• The FWHM for germanium detectors is a function of energy. For a 1.3 MeV photon, the FWHM is 2.1 keV, which is very low.
  • On the other hand, germanium has a small band gap energy (Egap = 0.67 eV), which requires to operate the detector at cryogenic temperatures. At room temperatures the noise caused by thermal excitation is very high.
  • semiconductor detectors - table of parametersThe average energy for creation of electron-hole pair is 2.9 eV. This value is approximately 10 times lower compared to the ionization energy of gases used in proportional chambers, drift chambers and etc. And it leads to massive creation of charge carriers.
  • Germanium has a high density of  5.323 g/cm3, which also increases the average energy loss per unit of length.
  • The detectors detectors are mechanically rigid and therefore no special supporting structures are needed.

Application of Germanium Detectors – Gamma Spectroscopy

As was written, the study and analysis of gamma ray spectra for scientific and technical use is called gamma spectroscopy, and gamma ray spectrometers are the instruments which observe and collect such data. A gamma ray spectrometer (GRS) is a sophisticated device for measuring the energy distribution of gamma radiation. For the measurement of gamma rays above several hundred keV, there are two detector categories of major importance, inorganic scintillators as NaI(Tl) and semiconductor detectors. In the previous articles, we described the gamma spectroscopy using scintillation detector, which consists of a suitable scintillator crystal, a photomultiplier tube, and a circuit for measuring the height of the pulses produced by the photomultiplier. The advantages of a scintillation counter are its efficiency (large size and high density) and the high precision and counting rates that are possible. Due to the high atomic number of iodine, a large number of all interactions will result in complete absorption of gamma-ray energy, so the photo fraction will be high.

HPGe Detector spectrum
Figure: Caption: Comparison of NaI(Tl) and HPGe spectra for cobalt-60. Source: Radioisotopes and Radiation Methodology I, II. Soo Hyun Byun, Lecture Notes. McMaster University, Canada.

But if a perfect energy resolution is required, we have to use germanium-based detector, such as the HPGe detector. Germanium-based semiconductor detectors are most commonly used where a very good energy resolution is required, especially for gamma spectroscopy, as well as x-ray spectroscopy. In gamma spectroscopy, germanium is preferred due to its atomic number being much higher than silicon and which increases the probability of gamma ray interaction. Moreover, germanium has lower average energy necessary to create an electron-hole pair, which is 3.6 eV for silicon and 2.9 eV for germanium. This also provides the latter a better resolution in energy. The FWHM (full width at half maximum) for germanium detectors is a function of energy. For a 1.3 MeV photon, the FWHM is 2.1 keV, which is very low.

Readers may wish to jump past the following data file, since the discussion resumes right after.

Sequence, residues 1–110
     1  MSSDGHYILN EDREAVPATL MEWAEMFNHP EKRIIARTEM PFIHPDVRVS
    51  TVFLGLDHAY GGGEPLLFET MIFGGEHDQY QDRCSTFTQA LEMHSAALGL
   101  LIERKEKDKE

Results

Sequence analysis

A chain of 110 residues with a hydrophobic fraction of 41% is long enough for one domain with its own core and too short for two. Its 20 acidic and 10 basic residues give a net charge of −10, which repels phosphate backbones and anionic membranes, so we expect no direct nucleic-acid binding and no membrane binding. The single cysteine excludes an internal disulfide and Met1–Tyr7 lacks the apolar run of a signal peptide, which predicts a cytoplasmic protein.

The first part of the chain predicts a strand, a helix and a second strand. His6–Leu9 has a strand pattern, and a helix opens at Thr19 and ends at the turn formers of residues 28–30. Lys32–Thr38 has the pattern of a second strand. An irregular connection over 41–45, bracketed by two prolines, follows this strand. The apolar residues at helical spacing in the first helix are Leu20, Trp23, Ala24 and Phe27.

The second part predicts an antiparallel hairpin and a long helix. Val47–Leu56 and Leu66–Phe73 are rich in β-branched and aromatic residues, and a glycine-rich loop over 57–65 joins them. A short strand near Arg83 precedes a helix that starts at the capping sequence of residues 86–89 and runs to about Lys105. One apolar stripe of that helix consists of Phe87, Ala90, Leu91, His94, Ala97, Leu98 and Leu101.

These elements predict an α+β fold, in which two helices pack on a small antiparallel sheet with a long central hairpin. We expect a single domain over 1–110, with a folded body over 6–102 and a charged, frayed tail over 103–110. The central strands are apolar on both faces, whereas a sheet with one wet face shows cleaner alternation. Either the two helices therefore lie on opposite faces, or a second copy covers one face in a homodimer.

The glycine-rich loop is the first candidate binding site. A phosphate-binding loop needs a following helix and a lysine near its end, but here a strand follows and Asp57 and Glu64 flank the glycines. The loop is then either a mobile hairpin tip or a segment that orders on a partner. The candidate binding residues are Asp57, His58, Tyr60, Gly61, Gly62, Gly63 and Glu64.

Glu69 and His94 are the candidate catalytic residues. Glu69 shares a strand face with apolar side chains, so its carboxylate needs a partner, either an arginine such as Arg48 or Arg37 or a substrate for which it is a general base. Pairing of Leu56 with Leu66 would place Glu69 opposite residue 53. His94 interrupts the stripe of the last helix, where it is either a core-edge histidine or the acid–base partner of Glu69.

References:

Radiation Protection:

  1. Knoll, Glenn F., Radiation Detection and Measurement 4th Edition, Wiley, 8/2010. ISBN-13: 978-0470131480.
  2. Stabin, Michael G., Radiation Protection and Dosimetry: An Introduction to Health Physics, Springer, 10/2010. ISBN-13: 978-1441923912.
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  4. U.S.NRC, NUCLEAR REACTOR CONCEPTS
  5. U.S. Department of Energy, Instrumantation and Control. DOE Fundamentals Handbook, Volume 2 of 2. June 1992.

Nuclear and Reactor Physics:

  1. J. R. Lamarsh, Introduction to Nuclear Reactor Theory, 2nd ed., Addison-Wesley, Reading, MA (1983).
  2. J. R. Lamarsh, A. J. Baratta, Introduction to Nuclear Engineering, 3d ed., Prentice-Hall, 2001, ISBN: 0-201-82498-1.
  3. W. M. Stacey, Nuclear Reactor Physics, John Wiley & Sons, 2001, ISBN: 0- 471-39127-1.
  4. Glasstone, Sesonske. Nuclear Reactor Engineering: Reactor Systems Engineering, Springer; 4th edition, 1994, ISBN: 978-0412985317
  5. W.S.C. Williams. Nuclear and Particle Physics. Clarendon Press; 1 edition, 1991, ISBN: 978-0198520467
  6. G.R.Keepin. Physics of Nuclear Kinetics. Addison-Wesley Pub. Co; 1st edition, 1965
  7. Robert Reed Burn, Introduction to Nuclear Reactor Operation, 1988.
  8. U.S. Department of Energy, Nuclear Physics and Reactor Theory. DOE Fundamentals Handbook, Volume 1 and 2. January 1993.
  9. Paul Reuss, Neutron Physics. EDP Sciences, 2008. ISBN: 978-2759800414.

See above:

Germanium Detectors